# Statistical NLP Lecture 12

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```							Statistical NLP: Lecture 12
Probabilistic Context Free Grammars

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Motivation
 N-gram models and HMM Tagging only allowed us

to process sentences linearly.  However, even simple sentences require a nonlinear model that reflects the hierarchical structure of sentences rather than the linear order of words.  Probabilistic Context Free Grammars are the simplest and most natural probabilistic model for tree structures and the algorithms for them are closely related to those for HMMs.  Note, however, that there are other ways of building probabilistic models of syntactic structure (see Chapter 12).
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Formal Definition of PCFGs
A PCFG consists of: – A set of terminals, {wk}, k= 1,…,V – A set of nonterminals, Ni, i= 1,…, n – A designated start symbol N1 – A set of rules, {Ni --> j}, (where j is a sequence of terminals and nonterminals) – A corresponding set of probabilities on rules such that: i j P(Ni --> j) = 1  The probability of a sentence (according to grammar G) is given by: . P(w1m, t) where t is a parse tree of the sentence . = {t: yield(t)=w1m} P(t)
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Assumptions of the Model
 Place Invariance: The probability of a subtree

does not depend on where in the string the words it dominates are.  Context Free: The probability of a subtree does not depend on words not dominated by the subtree.  Ancestor Free: The probability of a subtree does not depend on nodes in the derivation outside the subtree.
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Some Features of PCFGs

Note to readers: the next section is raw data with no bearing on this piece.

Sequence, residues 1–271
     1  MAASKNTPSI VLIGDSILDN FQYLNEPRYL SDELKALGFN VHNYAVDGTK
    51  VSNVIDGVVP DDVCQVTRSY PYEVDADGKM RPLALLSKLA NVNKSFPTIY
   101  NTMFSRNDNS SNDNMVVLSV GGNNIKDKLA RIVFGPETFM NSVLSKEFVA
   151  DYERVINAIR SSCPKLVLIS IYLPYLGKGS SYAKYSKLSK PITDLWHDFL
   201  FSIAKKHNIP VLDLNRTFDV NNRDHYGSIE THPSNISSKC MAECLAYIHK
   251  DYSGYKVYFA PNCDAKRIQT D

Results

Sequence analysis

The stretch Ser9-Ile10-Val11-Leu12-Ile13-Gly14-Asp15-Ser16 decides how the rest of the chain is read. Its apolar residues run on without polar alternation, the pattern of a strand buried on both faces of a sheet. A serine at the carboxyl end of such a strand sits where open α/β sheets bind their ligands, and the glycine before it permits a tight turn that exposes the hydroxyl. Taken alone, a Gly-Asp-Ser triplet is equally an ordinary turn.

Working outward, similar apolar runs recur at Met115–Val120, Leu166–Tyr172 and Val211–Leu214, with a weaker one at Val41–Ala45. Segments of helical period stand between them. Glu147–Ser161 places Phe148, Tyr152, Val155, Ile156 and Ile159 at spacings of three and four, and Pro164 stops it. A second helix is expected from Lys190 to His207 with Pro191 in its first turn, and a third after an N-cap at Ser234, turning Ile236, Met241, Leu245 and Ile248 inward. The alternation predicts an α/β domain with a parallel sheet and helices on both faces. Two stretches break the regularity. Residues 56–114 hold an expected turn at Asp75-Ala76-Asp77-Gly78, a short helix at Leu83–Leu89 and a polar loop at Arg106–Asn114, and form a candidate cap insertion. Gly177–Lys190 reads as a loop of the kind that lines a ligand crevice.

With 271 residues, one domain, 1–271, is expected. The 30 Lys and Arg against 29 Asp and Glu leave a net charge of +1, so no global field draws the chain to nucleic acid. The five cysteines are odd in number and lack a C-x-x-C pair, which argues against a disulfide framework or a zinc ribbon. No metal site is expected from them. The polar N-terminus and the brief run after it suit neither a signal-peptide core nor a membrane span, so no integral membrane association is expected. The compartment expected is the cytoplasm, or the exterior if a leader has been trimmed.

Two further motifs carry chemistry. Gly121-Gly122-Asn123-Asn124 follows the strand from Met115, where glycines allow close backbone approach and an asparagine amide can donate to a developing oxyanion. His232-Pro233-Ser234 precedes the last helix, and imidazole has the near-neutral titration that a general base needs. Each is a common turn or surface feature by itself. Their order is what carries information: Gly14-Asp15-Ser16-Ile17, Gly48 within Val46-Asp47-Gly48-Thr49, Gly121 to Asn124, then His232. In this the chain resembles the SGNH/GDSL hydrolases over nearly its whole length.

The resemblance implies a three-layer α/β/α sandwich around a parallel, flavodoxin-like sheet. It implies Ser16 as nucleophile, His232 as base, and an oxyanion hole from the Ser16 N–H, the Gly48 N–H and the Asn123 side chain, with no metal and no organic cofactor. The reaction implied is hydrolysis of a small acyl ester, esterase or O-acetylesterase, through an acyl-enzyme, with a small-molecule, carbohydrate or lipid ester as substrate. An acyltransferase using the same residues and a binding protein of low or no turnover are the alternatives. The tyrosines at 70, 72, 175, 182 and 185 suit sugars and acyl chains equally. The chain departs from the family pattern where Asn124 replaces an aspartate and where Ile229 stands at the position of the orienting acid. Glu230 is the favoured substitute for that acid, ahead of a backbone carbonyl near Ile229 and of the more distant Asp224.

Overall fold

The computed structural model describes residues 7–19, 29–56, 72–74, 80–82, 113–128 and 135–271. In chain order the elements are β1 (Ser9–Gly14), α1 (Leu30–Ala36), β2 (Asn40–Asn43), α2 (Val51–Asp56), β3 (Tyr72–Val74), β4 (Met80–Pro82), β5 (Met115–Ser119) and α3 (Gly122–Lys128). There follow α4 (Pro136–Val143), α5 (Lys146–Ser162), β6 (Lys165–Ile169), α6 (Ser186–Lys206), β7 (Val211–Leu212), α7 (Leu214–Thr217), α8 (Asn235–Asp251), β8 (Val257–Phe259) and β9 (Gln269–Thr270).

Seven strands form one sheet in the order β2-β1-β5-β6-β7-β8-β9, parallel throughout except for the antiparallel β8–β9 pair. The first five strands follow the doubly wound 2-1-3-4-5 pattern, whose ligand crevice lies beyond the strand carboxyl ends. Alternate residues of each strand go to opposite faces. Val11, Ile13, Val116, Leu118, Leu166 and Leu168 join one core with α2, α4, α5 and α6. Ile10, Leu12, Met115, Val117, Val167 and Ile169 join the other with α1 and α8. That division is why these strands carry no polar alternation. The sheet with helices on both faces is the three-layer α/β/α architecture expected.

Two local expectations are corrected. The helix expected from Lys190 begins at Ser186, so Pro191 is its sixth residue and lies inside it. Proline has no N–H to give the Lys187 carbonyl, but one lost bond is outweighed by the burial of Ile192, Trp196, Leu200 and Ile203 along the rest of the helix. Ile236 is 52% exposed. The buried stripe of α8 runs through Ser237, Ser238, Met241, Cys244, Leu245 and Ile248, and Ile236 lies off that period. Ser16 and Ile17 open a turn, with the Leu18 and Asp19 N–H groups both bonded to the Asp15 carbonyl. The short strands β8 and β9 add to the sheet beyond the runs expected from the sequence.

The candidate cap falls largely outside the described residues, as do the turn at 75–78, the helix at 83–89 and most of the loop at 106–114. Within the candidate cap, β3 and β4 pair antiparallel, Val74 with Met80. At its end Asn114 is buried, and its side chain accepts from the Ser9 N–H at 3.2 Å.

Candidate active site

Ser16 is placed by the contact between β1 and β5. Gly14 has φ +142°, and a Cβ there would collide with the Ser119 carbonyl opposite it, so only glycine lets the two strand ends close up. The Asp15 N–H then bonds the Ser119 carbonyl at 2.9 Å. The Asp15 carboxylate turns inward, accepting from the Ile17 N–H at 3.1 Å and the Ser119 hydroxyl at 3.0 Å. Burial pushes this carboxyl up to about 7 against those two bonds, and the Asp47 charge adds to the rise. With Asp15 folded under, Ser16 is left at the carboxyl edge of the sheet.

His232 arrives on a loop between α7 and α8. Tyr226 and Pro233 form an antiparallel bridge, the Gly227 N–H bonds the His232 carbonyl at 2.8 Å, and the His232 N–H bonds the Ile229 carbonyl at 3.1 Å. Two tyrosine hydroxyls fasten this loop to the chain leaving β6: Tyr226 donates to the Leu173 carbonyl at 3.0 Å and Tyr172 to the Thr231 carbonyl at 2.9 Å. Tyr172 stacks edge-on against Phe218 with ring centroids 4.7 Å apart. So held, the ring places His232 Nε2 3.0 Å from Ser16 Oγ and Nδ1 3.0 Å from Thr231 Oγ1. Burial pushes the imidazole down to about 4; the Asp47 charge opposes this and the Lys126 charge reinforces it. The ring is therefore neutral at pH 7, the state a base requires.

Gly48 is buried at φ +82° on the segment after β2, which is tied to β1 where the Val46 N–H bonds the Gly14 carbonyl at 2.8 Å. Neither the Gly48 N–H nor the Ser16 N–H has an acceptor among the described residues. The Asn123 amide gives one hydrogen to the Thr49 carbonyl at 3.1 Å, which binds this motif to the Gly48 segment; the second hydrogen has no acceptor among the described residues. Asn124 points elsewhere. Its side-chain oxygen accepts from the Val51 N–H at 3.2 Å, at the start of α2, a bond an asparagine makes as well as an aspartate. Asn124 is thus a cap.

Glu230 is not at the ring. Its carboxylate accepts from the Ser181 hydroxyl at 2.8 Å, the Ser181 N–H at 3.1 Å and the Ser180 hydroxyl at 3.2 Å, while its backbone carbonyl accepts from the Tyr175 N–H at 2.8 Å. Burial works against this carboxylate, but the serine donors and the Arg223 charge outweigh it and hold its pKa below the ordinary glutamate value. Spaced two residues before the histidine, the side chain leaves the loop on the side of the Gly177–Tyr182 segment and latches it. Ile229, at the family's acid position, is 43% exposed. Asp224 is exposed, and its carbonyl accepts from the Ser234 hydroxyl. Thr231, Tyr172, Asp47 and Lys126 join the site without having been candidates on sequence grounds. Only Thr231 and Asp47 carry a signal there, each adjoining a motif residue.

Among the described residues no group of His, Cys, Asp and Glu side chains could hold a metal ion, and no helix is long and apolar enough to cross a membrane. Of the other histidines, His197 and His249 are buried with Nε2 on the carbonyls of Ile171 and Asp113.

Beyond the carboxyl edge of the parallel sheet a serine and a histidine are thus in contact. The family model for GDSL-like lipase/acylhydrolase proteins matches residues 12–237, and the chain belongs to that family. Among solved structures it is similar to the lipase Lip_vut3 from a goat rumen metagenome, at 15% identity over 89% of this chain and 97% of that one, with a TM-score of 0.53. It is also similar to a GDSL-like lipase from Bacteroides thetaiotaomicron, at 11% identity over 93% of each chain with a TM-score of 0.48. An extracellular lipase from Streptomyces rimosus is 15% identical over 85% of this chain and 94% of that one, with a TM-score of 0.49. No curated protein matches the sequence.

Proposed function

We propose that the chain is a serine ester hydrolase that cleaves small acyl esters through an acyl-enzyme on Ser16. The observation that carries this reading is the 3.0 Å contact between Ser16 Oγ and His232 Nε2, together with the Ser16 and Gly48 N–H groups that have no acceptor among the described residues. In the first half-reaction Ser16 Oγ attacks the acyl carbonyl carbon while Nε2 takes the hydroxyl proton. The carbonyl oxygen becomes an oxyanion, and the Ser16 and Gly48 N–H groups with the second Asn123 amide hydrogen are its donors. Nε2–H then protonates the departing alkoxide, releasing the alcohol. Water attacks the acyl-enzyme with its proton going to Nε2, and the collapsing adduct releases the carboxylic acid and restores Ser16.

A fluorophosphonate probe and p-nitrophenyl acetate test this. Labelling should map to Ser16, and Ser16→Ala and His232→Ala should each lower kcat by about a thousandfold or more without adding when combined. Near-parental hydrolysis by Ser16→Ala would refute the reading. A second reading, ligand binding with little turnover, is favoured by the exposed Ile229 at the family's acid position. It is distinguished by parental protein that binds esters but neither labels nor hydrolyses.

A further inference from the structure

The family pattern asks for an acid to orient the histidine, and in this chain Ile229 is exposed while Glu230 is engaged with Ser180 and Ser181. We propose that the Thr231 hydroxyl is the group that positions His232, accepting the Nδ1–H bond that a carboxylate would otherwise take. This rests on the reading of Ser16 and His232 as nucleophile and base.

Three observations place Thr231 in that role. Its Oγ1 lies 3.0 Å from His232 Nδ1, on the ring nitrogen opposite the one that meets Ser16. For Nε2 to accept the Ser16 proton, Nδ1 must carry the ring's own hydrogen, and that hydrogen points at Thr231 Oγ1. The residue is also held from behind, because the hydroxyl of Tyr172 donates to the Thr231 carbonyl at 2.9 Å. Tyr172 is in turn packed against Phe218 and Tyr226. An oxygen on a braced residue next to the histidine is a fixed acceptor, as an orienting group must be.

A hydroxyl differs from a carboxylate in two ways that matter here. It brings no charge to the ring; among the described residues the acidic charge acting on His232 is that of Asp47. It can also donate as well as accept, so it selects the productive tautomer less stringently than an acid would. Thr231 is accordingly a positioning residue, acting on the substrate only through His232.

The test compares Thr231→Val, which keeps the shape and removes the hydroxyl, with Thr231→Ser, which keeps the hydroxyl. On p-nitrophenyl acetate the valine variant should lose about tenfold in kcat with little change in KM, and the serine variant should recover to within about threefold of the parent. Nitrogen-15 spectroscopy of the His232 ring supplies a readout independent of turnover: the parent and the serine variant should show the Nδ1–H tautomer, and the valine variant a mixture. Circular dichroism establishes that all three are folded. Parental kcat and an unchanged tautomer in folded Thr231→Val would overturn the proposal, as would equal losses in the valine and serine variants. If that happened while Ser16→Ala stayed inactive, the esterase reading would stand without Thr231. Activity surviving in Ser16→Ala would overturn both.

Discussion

 A PCFG gives some idea of the plausibility of

different parses. However, the probabilities are based on structural factors and not lexical ones.  PCFG are good for grammar induction.  PCFGs are robust.  PCFGs give a probabilistic language model for English.  The predictive power of a PCFG tends to be greater than for an HMM. Though in practice, it is worse.  PCFGs are not good models alone but they can be combined with a tri-gram model.  PCFGs have certain biases which may not be appropriate.
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Questions fo PCFGs
 Just as for HMMs, there are three basic questions

we wish to answer:  What is the probability of a sentence w1m according to a grammar G: P(w1m|G)?  What is the most likely parse for a sentence: argmax t P(t|w1m,G)?  How can we choose rule probabilities for the grammar G that maximize the probability of a sentence, argmaxG P(w1m|G) ?
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Restriction
 In this lecture, we only consider the case of

Chomsky Normal Form Grammars, which only have unary and binary rules of the form: • Ni --> Nj Nk • Ni --> wj  The parameters of a PCFG in Chomsky Normal Form are: • P(Nj --> Nr Ns | G) , an n3 matrix of parameters • P(Nj --> wk|G), nV parameters (where n is the number of nonterminals and V is the number of terminals)  r,s P(Nj --> Nr Ns) + k P (Nj --> wk) =1
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From HMMs to Probabilistic Regular Grammars (PRG)